Klein on the invisible hand

by Russ Roberts on December 21, 2011

in Complexity & Emergence, Podcast

This week’s EconTalk is Dan Klein talking about the use of allegory in economics and in particular, his own way of looking at the invisible hand more deeply and how that provides a way to assess public policy. It’s all interesting but I found his discussion of evaluating public policy particularly interesting. Dan argues that we should evaluate public policy the way we evaluate art or movies. Hang on, I know this sounds ridiculous, but what he means is that we don’t use a formula or equation to evaluate art or to assess the best movie to watch tonight or our favorite novel. We don’t pretend that those kinds of aesthetic evaluations are remotely scientific or amenable to an equation or statistical estimation. So why should we evaluate the minimum wage or trade policy that way?Instead of trying to put a dollar value on the gains and losses and adding them up for some net measure of efficiency, it’s more honest to say here are the winners, here are the losers, here is what happens to them and here are the larger effects on liberty or security or innovation or other things we might also value. Whether the overall economic pie gets larger or smaller isn’t irrelevant. But why would you pretend you can measure that precisely and that that effect is the only relevant one?At least that’s how I take Dan’s point–I’ll let you know if he agrees.

When I was younger, I taught my students about efficiency and dead-weight loss. That approach is too utilitarian for me. I stopped teaching dead-weight loss a few years back. It’s great for exam questions. Not sure it’s good for thinking about public policy other than as one factor that is interesting but never decisive. I think Dan’s approach is a better way to teach and maybe a better way to think about it.

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AC December 21, 2011 at 4:45 pm

When are you going to write an econ textbook, or at least a non-fiction book? Video lectures?

Chucklehead December 21, 2011 at 4:55 pm

But who are the winner and losers in art? Minimum wage and trade policy effects feeding you children. Bad art or film does not.

SmoledMan December 21, 2011 at 7:27 pm

What about starving artists?

Greg Webb December 21, 2011 at 8:01 pm

We are all losers with modern art.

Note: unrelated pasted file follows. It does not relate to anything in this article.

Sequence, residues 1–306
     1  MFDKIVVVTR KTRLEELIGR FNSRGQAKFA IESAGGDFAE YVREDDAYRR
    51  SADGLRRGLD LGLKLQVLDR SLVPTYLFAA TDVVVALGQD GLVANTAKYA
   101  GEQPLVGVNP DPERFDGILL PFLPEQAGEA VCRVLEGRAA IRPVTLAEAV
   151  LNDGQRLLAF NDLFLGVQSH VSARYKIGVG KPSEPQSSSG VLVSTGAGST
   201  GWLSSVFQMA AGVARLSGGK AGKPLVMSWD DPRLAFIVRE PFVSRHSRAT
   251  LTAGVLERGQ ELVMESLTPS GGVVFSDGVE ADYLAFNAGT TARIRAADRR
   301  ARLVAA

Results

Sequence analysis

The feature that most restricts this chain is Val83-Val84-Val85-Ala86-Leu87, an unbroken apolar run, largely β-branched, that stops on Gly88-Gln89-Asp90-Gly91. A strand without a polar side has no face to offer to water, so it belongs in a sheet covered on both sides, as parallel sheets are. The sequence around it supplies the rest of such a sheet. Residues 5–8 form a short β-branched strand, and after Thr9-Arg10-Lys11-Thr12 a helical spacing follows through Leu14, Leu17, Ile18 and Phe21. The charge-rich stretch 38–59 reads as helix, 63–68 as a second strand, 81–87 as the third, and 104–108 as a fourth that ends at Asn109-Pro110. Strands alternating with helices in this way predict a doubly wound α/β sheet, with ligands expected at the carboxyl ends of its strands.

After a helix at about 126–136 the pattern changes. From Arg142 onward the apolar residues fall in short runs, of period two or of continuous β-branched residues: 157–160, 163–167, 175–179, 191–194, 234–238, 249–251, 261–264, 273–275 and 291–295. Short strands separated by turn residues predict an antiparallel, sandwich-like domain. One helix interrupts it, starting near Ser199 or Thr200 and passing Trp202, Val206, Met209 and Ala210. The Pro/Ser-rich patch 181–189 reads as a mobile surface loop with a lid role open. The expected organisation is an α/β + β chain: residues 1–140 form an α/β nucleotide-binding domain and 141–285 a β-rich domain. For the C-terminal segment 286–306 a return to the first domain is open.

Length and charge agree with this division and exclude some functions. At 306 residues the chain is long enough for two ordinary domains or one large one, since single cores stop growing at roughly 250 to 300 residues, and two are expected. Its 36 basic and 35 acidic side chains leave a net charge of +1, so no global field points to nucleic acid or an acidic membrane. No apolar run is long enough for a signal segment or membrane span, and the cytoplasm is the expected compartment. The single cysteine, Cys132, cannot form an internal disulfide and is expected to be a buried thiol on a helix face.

Charlie December 21, 2011 at 5:43 pm

“I taught my students about efficiency and dead-weight loss…I stopped teaching dead-weight loss a few years back…Not sure it’s good for thinking about public policy other than as one factor that is interesting but never decisive.”

Seems like you should have always been teaching it that way. That’s how the concepts have always been taught in my classes.

I think it’s great to teach how simplified economic models can give great insights, but it’s always important to step back at the end and put it in a greater context at the end. What does the model abstract away from? What’s a good or bad question to ask of this model? What can we learn about policy? Who might be for or against such and such policy?

Dead weight loss is just the idea that sometimes output is lost that no one gets. It doesn’t transfer from one person to another; it just never gets created. The converse of that is that output can be gained that doesn’t take from anyone. Everyone has more. Surely you teach that concept now in some way, right?

Invisible Backhand December 21, 2011 at 7:03 pm

What’s the deal with comments? Are they back by accident?

Greg Webb December 21, 2011 at 8:05 pm

Probably. Merry Christmas, IB!

khodge December 21, 2011 at 7:07 pm

Elections are essentially evaluating economics as art. In movies, the best actors or directors are the most professional and use the best techniques, thereby rendering the best performance. The untutored viewer does not see or know the techniques and judges the end products. In politics, the politician should have at his disposal economists who are properly trained and attuned to the best economics thought. Sure, there is a crap shoot in both professions but the professionals need to treat their professions professionally.

SmoledMan December 21, 2011 at 7:28 pm

Economists like Paul Krugman and Joseph Stiglitz.

khodge December 21, 2011 at 7:40 pm

I think Paul Krugman (or Christina Romer) is an excellent example. They offer legitimate justification for stimulus. It is up to the next set of politicians to paint a prettier picture of the economy than the one offered by the politician whom Romer backs.

Brad Hutchings December 21, 2011 at 7:12 pm

At a superficial level, people really do grab onto allegory when evaluating economic policy. But like numbers, their interest isn’t very deep. A couple examples:

“People who work hard and play by the rules…”
“The 99%”

A study of chain letters that liberals and conservatives send around might yield a treasure trove of allegory. I saw one today decrying stimulus checks, but at the same time sprinkling in a good share of anti-immigrant and anti-trade sentiment (“you’ll just spend it on TVs made in China”).

As an aside, I recently saw a Twitter post by Adam Penenberg calling Klein to task over the bias paper correction, and in doing so, totally missing the plot. It’s interesting to see Klein arrive to this allegory discussion. He’s been doing this kind of thing — putting story to economics — since his early faculty days at UC Irvine. He has a true gift for sparking conversations.

Russ Roberts December 21, 2011 at 8:10 pm

Oops. Forgot to close comments. Will close them now. They should be returning soon. Stay tuned.

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